Step 6: Test your readiness (text-based graphic)

As people learn new strategies, they need to be ready to implement them (source). Readiness generally refers to one’s past experiences with specific topics, level of stress or comfort, self-efficacy, and openness to change.

Ask yourself the following to see how ready you are to take on your new goal:

  • Do you feel ready to take on your goal? Use this link to take our readiness assessment. If your readiness score is low, don’t give up! Just think about picking a goal that feels more doable.
  • If you have any hesitations, what are they?
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7 Responses to Readiness

  1. I believe that schools need to rethink the way they work with parents. Parents are ready for a change but need schools to take the lead. In my experience change is as much about being willing to take a risk and listening to the people involved as working on a more formal approach. The readiness quiz is OK but again, seems limited to an organizational structure rather than a parent centred approach.
    Thoughts? Disagreements?

    • I could not agree more that readiness is largely about being willing to take a risk and to listen to those involved. The assessment is definitely more about whether an organization or a teacher is ready to take on a new practice—not about whether a parent is ready. I think many parents are ready for change and waiting for schools to partner with them. ——-If readiness is partially about being willing to take risks and listen to others, I wonder how we create more of that kind of climate in our schools?

  2. Coco says:

    Hi, I’m a kindergarten teacher. And I want to do something new and effective to help children adapt to new environment. But sometimes it is difficult to get parents’ cooperation. I think I need some help…

    • Interesting you say it is difficult to get parent cooperation. Patricia Porter and I were just saying (above) how parents often seem very ready for change. I wonder why not in this case. Maybe they do not see the new practice as helpful for their child. What do you think?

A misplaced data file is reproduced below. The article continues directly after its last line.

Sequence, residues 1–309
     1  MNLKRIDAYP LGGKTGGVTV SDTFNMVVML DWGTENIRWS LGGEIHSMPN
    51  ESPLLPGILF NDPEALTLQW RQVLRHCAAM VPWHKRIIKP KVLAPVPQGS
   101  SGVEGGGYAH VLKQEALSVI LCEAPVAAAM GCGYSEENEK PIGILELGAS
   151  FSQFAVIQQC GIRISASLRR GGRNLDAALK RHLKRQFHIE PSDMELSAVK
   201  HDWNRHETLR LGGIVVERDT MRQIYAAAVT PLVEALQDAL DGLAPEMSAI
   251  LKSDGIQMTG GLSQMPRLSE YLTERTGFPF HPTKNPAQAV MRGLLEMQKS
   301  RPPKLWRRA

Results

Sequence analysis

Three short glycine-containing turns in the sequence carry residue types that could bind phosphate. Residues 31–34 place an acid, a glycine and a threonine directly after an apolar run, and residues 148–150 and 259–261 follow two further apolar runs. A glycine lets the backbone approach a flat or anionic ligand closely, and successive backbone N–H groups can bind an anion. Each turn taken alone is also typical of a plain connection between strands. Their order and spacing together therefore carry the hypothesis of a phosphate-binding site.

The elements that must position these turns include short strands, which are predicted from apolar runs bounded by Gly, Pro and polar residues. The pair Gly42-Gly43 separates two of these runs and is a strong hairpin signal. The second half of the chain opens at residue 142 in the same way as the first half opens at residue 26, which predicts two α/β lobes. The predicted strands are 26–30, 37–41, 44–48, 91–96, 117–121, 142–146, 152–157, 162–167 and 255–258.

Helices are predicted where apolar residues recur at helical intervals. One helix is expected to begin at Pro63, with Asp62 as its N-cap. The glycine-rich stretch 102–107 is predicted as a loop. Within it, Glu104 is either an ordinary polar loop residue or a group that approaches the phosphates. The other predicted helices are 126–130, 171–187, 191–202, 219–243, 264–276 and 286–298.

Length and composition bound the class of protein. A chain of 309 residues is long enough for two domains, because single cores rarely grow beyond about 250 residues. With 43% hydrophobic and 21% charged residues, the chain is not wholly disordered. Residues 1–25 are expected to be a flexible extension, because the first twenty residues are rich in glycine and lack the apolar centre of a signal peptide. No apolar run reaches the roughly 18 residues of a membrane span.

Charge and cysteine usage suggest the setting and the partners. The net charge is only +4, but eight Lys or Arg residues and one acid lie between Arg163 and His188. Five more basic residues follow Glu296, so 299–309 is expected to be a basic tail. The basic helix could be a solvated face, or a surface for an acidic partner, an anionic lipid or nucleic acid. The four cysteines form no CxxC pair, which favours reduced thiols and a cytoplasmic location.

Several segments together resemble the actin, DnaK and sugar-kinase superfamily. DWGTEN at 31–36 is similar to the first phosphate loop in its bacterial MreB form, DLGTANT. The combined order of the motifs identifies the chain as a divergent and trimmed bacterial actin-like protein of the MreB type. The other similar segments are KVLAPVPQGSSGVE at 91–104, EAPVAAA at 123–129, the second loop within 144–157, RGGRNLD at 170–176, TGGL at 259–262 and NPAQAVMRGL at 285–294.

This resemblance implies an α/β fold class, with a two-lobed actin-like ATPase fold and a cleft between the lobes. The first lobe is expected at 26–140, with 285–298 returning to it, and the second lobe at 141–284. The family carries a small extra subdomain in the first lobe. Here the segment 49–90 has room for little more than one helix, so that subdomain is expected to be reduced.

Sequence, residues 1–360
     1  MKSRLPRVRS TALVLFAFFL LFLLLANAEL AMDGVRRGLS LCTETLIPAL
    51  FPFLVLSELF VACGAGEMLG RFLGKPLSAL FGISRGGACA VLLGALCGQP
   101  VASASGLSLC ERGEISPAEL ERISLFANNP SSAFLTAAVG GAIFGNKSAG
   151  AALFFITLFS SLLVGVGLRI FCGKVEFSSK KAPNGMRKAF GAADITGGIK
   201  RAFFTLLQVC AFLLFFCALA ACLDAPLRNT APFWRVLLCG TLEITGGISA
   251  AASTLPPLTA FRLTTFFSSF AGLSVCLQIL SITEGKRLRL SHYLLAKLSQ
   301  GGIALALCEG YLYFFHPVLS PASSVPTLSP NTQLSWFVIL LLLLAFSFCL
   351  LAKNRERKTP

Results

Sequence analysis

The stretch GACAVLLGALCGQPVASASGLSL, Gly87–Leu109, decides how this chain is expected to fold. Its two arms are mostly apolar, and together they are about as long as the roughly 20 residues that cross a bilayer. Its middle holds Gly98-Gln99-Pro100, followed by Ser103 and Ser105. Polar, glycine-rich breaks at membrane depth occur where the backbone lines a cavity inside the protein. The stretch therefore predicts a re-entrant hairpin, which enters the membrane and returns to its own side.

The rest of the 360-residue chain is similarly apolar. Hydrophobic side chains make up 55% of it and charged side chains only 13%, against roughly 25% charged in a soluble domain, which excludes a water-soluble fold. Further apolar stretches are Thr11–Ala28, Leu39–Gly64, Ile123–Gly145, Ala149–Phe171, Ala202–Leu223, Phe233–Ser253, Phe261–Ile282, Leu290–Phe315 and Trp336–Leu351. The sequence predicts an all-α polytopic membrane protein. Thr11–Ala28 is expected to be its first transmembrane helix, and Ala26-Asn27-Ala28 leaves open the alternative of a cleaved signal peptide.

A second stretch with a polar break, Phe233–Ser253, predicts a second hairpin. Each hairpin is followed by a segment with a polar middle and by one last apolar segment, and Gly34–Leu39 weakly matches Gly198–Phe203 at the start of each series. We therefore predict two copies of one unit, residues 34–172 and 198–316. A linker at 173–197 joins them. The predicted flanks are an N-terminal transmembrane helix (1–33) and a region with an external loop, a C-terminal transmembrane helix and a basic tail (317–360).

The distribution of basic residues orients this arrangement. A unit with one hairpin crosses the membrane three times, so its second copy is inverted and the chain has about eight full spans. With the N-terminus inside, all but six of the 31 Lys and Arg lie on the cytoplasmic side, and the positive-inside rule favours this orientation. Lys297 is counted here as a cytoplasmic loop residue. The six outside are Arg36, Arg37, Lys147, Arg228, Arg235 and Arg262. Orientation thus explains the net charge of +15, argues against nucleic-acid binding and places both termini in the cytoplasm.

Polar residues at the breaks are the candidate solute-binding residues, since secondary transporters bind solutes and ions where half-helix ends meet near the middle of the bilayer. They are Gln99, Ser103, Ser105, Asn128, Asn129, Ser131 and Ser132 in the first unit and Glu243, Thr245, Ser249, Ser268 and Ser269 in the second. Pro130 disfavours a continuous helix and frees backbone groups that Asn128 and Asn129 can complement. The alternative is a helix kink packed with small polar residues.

• Think about WHY it is difficult to get cooperation from parents. Are they busy, stressed, uncaring, frightened of teachers,lacking skills to help their child, not sure what you want them to do, not sure what the new environment is like….?

      It will be a mix of issues that is holding them back.

      Then try and put yourself in their position, they are handing over their most prized possession to someone they hardly know, they may have no idea what happens in school, they may see you as a babysitter, they may be struggling with timing for pick up and drop off, they may not be able to park easily, they may have to walk to the school …….

      Ask yourself what skills they have that they can use to cooperate with the school – or why they should be cooperating at all. What cooperation do you need/want? Is it what parents want? What activities can you arrange that meet both your needs.

      Remember, it takes a while to build up trust and you need trust before any cooperation will happen. Food, Family and Fun – trust me, the work.
      Please keep in touch and let me know what you think/do

    • ljgreen says:

      Hi Coco! What type of activities do you or your district do to help kids and their families transition to kindergarten? Is kindergarten their first time in school, or do they go to pre-k too?

  3. ljgreen says:

    I’m not really sure what a “low” score on this survey would be, but it does help you to see the areas that are lower than others and therefore might need some work and attention. My goal was more of a personal goal that maybe could be implemented on a systemic level, but I feel as if it is obtainable.

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